I posted this watch this week for two reasons:
1. We frequently discuss watches at the upper end of the market with more significant collector interest, intriguing features, and low production. While that is fun, most people did not carry high-end watches with premium jewel counts and precision adjustments. Rather, lower-quality mass-produced watches were popular sellers in the market – like the 7-Jewel Hampden in today’s post.
2. This watch showcases the conundrum we sometimes face when attempting to classify certain watches for research purposes. Two primary grade classifications can be argued for this watch: “Springfield” and “No. 21.”
This watch was produced shortly after the 18-Size open-face (Model 3) movements were introduced by the Hampden Watch Company. The only known 7-Jewel movement sold by the company during this era was the “Springfield,” a very inexpensive low-grade gilded movement often identified by the simple “Springfield, Mass.” signing and the engraved regulator index on the top plate. While no known grade descriptions have been found for an open-face “Springfield” movement, it would make sense that the company would expand the product line by including a 7-Jewel option when the Model 3 was introduced. However, these 7-Jewel movements were signed “Hampden Watch Co. – Springfield, Mass. – Patent Pinion” and feature a mounted index plate for the regulator, distinguishing it from the earlier Model 1 and Model 2 “Springfield” movements.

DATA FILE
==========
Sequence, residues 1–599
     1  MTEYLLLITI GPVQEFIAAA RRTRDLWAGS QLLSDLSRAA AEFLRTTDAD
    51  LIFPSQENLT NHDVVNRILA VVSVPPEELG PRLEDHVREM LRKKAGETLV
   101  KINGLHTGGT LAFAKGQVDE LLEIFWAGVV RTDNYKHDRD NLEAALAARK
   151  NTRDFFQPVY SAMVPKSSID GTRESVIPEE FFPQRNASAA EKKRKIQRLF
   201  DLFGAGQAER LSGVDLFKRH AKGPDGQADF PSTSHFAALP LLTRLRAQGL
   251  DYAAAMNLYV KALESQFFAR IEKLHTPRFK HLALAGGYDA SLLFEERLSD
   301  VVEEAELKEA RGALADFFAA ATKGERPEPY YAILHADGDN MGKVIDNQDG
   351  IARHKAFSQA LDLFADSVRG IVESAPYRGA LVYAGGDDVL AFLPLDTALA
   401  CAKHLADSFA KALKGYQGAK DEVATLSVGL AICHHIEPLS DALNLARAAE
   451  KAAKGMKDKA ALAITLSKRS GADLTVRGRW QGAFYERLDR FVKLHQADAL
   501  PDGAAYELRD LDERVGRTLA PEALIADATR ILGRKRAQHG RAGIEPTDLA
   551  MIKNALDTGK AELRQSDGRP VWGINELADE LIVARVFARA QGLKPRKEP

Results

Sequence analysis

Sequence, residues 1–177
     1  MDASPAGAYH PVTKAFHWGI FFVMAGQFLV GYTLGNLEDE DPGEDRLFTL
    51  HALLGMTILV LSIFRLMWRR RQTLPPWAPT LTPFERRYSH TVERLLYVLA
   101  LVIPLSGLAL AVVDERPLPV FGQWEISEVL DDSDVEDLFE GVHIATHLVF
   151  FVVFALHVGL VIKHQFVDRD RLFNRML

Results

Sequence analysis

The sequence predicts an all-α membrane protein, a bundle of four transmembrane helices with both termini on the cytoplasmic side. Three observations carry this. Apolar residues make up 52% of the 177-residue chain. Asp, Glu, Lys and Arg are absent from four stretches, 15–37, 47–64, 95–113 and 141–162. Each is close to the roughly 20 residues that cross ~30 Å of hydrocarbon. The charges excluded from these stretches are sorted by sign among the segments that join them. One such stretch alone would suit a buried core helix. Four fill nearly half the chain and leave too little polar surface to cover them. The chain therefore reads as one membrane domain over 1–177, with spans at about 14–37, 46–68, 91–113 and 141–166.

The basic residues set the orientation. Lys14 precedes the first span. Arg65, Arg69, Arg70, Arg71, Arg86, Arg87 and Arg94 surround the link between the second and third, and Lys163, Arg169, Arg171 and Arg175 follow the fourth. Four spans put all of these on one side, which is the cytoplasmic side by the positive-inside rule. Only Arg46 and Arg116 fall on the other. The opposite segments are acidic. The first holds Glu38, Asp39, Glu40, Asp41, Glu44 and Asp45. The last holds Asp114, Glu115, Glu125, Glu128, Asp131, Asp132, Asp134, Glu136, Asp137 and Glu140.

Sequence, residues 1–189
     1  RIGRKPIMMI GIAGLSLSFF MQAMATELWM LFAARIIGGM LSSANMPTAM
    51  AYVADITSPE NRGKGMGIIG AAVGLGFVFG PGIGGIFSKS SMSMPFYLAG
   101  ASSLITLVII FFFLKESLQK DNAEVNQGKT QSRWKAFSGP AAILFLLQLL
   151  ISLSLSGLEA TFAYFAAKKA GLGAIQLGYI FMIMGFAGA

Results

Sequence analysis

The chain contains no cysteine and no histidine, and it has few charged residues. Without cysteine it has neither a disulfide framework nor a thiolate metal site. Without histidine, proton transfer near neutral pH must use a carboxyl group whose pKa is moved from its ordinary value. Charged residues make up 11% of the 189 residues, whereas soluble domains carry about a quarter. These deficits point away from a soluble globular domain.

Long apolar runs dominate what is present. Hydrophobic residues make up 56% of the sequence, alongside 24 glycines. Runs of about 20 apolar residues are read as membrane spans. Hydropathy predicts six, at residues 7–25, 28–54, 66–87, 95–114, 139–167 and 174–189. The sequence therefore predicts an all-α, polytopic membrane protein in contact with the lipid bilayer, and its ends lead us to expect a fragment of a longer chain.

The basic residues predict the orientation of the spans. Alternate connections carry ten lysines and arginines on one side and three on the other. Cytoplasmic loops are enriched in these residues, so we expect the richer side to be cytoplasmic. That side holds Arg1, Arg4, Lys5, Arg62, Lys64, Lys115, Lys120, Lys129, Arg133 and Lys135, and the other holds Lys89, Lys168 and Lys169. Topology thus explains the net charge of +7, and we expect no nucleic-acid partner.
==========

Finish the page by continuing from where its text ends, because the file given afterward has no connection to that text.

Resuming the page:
Because of these differences, this movement is frequently classified as Grade No. 21, which is more consistent with the characteristics of this movement. However, descriptions for the No. 21 movement did not begin appearing in catalogs until c.1895, several years after these 7-Jewel movements were first introduced. So, it would make sense to classify these movements as Grade No. 21 after c.1895, but unless this grade was in production well before it began to appear in catalogs, classifying a movement as No. 21 with these traits from c.1887 does not make sense.
Another possibility we should consider is that the factory assigned this movement a different grade number that has yet to be discovered in any grade lists or catalog descriptions. Production of this movement occurred around the time of the Dueber and Canton transition, so it is feasible to assume that the company may not have distributed price lists as frequently during this time. We certainly see sparse references in price lists during the early 1890s.
This classification problem perfectly demonstrates why continued research is critical to improving our understanding of these watch factories and production. On that note, this post will have a “Part 2.”